This document provides an overview of a migration process from an arbitrary source system to the FileNet Content Engine. It describes the setup and the solution used for building the FileNet Import Connector. The connector aims only the Content Engine (CE) component of FileNet. The Process Engine (PE) component is outside the scope of this connector. The FileNet Import Connector is capable of migrating data from a generic data model to the FileNet CE, creating different FileNet content types and adding content to them, filling in custom metadata and importing permissions. The transformation of the extracted records to allow the loading into a target system is outside the scope of this document.


In order to successfully run the FileNet connector scripts, the following requirements must be met:

  • The scripts code must be opened in Xill IDE 3.1
  • A MongoDB instance must be running locally on the standard port (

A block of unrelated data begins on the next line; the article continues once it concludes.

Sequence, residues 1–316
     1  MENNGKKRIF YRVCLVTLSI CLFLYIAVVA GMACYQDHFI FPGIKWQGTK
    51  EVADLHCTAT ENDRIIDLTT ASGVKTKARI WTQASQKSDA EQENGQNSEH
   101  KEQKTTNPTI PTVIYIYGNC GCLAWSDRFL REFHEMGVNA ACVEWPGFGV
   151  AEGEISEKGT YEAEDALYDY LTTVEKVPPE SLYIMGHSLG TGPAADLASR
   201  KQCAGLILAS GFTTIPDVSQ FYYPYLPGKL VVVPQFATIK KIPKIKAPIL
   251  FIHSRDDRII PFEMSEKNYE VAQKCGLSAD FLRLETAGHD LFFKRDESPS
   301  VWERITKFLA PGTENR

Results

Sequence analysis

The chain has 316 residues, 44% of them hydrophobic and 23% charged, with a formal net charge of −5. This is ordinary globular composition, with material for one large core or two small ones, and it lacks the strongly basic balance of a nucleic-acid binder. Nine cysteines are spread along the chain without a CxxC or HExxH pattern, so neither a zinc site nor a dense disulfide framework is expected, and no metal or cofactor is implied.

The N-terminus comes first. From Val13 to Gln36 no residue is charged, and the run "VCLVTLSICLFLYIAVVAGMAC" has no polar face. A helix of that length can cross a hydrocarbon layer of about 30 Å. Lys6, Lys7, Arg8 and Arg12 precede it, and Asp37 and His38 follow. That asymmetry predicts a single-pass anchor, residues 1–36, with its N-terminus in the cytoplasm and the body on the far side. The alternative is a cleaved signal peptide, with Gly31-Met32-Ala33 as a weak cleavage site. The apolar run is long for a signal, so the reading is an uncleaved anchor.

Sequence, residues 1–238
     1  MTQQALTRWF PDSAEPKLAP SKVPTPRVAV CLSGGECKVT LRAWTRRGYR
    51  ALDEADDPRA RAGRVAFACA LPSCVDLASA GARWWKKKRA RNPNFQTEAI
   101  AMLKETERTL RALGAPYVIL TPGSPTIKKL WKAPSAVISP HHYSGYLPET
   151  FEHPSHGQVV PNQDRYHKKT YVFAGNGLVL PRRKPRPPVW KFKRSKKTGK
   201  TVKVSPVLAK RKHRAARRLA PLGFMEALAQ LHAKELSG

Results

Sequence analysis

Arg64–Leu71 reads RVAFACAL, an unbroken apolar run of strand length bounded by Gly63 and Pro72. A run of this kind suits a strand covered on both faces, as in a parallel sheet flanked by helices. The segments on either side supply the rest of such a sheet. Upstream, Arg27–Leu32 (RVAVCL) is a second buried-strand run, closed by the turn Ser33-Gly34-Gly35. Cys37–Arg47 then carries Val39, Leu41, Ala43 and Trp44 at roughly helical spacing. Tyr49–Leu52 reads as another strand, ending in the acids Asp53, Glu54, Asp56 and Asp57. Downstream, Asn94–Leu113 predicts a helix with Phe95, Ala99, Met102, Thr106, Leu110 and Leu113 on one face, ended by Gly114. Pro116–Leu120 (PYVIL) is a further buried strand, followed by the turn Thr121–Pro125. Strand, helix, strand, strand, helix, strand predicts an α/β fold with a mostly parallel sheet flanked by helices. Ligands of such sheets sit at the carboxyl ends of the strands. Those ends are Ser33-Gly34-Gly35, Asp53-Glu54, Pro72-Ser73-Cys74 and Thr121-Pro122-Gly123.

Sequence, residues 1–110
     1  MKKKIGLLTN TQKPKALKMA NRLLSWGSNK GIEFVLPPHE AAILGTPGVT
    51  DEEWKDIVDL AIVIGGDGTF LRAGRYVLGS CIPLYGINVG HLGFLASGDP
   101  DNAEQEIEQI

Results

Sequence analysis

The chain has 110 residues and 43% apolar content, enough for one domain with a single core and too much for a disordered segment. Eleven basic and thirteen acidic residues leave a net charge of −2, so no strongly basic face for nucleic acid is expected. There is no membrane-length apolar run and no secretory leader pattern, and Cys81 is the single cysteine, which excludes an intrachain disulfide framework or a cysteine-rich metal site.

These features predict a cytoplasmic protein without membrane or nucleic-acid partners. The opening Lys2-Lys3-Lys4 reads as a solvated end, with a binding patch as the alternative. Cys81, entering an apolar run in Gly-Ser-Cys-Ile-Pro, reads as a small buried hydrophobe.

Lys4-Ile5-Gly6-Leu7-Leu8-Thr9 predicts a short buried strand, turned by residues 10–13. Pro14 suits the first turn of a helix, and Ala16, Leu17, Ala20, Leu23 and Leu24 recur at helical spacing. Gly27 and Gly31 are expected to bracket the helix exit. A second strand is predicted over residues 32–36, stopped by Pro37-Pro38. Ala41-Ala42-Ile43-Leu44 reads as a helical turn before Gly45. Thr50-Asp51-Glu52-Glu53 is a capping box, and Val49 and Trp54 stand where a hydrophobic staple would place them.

• Access to a FileNet user environment (FileNet server) is required
  • Access to the FileNet Content Engine (CE) Java API is required; the Java API must be configured to run through the WSI (Web Services Interoperability) protocol, by using the following WSI url: http://<server-name>:9080/wsi/FNCEWS40MTOM
  • The FileNet proxy has to be accessible and running. The proxy can be accessed through the following url:http://<server-name>[:port]/filenetproxy/v1/
  • The authentication to the Content Engine requires: a username, a password and a stanza. The stanza is a JAAS (Java Authentication and Authorization Service) configuration that contains a list of login modules. Since the authentication is done over the CEWS (Content Engine Web Services) transport, FileNetP8WSI needs to be used as stanza.
  • Administrator privileges for the FileNet CE are required in order to have access to the user account information and object permissions